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News digest – lung cancer, immunotherapy, screening and… orange juice?

by Henry Scowcroft | Analysis

4 July 2015

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  • We released new lung cancer statistics showing how cases of the disease among women have reached 20,000. Here’s our press release – the story got wide coverage, including on the BBC and ITV, who also showcased some of our work on the disease (which you can read more about in this blog post).
  • A new immunotherapy drug for skin and lung cancer – nivolumab – was made available on the NHS across UK for suitable patients under a rapid access scheme. The BBC has more; here’s our post about how the drug works.
  • We launched a new ‘Pioneer Award’ to fund revolutionary ideas in cancer research – more in this press release and blog post.
  • The Daily Mail covered an opinion piece review by two researchers, who think that the way radiation risk is measured could potentially overestimate the harms of X-rays and CT scans. Here’s our information on medical imaging
  • Increasing rates of obesity – an important cause of cancer – are being driven by the ‘sheer abundance of food’ in Western countries, according to a WHO report covered here by the Telegraph.

Number of the week


The number above which annual cases of lung cancer in women has risen

  • Sense About Science launched a new version of their useful booklet Making Sense of Screening, to help people understand what screening can offer – and especially what it can’t. It covers all types of screening, not just cancer screening. We’ll be taking an in depth look at some of the common misunderstandings and questions we encounter, on this blog next week.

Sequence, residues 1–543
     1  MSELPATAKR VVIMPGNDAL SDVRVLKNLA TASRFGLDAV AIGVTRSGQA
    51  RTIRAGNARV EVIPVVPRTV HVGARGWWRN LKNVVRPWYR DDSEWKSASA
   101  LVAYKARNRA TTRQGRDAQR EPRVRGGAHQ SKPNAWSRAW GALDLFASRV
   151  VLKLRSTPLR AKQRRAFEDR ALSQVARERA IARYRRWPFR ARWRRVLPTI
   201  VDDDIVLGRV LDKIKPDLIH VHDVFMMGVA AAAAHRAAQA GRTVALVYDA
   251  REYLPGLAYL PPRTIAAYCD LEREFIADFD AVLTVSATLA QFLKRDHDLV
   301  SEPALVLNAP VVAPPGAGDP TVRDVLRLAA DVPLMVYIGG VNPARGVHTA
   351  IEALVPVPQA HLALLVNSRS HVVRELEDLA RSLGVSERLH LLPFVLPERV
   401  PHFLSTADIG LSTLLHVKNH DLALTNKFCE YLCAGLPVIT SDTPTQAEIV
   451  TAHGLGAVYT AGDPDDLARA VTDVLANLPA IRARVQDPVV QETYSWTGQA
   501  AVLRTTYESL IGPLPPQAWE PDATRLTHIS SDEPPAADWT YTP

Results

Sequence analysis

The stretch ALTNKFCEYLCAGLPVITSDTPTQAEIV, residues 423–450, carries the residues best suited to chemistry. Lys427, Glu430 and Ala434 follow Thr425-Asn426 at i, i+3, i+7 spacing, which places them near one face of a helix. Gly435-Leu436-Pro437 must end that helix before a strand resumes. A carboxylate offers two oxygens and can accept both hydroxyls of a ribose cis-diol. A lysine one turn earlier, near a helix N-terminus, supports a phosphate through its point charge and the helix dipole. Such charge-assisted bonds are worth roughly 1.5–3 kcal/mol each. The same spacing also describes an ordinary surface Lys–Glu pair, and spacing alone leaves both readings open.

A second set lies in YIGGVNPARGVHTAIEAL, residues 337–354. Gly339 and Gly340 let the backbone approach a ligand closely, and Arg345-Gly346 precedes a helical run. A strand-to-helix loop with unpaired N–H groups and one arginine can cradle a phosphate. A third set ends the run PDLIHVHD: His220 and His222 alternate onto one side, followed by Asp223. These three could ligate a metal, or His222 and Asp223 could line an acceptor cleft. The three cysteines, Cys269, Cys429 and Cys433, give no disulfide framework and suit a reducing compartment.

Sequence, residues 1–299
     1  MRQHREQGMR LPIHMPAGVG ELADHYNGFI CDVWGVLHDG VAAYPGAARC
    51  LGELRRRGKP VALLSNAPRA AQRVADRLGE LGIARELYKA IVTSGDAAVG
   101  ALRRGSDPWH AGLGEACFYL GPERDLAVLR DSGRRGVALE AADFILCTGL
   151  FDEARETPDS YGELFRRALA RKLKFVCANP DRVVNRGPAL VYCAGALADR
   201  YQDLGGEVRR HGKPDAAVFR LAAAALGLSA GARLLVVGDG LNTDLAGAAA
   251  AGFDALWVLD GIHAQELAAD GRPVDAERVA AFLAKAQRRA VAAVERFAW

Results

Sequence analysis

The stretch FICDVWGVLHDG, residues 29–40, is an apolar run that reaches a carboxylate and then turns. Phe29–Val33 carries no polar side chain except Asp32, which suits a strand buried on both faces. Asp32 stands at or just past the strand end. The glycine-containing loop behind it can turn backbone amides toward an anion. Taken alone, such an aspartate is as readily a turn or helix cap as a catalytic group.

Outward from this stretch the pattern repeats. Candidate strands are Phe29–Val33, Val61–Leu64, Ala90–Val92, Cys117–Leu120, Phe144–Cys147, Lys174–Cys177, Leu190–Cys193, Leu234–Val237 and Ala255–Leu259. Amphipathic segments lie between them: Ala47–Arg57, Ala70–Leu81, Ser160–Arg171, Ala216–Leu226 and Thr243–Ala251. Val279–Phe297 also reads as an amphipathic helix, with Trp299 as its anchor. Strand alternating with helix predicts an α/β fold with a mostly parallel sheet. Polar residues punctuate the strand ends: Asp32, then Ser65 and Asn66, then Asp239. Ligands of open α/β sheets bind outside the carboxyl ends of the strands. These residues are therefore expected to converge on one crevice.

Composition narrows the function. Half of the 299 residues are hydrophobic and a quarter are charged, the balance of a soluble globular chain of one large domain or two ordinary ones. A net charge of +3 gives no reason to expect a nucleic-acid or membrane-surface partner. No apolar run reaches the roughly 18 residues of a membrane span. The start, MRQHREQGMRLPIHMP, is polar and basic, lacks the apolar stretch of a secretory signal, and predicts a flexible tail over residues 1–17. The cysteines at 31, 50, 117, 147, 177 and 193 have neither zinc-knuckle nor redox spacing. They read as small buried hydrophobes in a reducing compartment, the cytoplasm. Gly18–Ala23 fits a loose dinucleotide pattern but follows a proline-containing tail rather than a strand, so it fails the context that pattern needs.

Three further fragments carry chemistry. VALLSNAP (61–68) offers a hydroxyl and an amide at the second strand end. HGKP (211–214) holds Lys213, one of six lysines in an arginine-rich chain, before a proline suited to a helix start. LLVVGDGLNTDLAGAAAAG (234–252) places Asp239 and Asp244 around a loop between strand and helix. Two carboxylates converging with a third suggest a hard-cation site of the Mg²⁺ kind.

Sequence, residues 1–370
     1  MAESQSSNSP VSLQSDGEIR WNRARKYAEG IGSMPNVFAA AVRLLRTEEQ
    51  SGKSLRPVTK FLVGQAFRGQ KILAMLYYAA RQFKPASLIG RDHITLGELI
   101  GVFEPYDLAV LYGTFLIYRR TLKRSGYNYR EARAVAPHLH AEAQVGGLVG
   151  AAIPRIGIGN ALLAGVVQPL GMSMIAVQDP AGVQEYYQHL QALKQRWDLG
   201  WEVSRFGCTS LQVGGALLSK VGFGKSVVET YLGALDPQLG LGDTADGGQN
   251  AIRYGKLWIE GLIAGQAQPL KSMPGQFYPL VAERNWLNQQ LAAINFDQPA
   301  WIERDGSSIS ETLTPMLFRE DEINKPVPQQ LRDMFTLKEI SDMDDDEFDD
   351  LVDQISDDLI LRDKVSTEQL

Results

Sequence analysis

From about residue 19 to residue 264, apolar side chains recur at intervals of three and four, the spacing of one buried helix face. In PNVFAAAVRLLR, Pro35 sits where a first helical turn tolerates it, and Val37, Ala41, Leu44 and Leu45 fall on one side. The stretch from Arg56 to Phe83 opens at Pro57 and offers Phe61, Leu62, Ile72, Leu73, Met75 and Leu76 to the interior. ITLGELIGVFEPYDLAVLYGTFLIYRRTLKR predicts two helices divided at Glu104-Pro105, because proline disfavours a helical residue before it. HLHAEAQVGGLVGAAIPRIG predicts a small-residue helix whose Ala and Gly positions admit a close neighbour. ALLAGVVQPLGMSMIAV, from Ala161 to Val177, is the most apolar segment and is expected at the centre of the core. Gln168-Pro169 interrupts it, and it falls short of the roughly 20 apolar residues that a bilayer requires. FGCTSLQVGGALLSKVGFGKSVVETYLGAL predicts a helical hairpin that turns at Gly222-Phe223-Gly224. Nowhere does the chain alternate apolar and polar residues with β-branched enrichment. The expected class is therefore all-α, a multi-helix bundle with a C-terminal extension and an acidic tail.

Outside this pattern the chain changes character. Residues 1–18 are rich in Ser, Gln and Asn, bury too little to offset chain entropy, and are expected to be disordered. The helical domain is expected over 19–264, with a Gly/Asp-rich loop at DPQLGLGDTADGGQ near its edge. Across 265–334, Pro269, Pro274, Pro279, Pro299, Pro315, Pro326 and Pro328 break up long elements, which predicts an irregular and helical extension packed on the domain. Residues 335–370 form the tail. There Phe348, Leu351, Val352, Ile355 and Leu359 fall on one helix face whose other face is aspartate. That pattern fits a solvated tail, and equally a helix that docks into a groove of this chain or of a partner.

• Researchers studying inflammation and wound healing – in zebrafish – made a fascinating but preliminary discovery that could suggests that surgery and biospies might affect how a cancer subsequently grows. We need to stress again – this was in zebrafish. Not people. Here’s a nice take on the research in Drug Discovery & Development magazine.
  • Our researchers at the Institute of Cancer Research have worked out the 3D structure of the ‘proteasome’ – a fundamental protein-based garbage disposal machine in our cells. The discovery could lead to better, more targeted cancer drugs.
  • The Guardian looked at a new NHS report on variations in bowel cancer treatment around the UK.
  • Professor Steve Jackson – one of our researchers – wrote this engaging personal account for Business Weekly, about the trials he faced setting up a biotech company.
  • The American Association of Cancer Research’s blog had a brilliant two-parter about the challenges of developing effective drugs against a key cancer protein called EGFRhere’s part 1, and here’s part 2.
  • Ranjana Srivastava – a cancer doctor – wrote this beautiful piece for the Guardian’s comment pages, about the braveness and heroism of her patients and the importance, as a doctor, of ‘looking after the little things’.
  • And at the Institute of Cancer Research in London, Professor Paul Workman wrote this in-depth blog post about the importance of laboratory research in developing new treatments.

And finally…

  • “Is there a link between orange juice and skin cancer?” asks the Daily Mail. “Some caution should be taken when reading the Mail’s article,” replied NHS Choices. Enjoy the sun safely, with or without fruit juice, say we.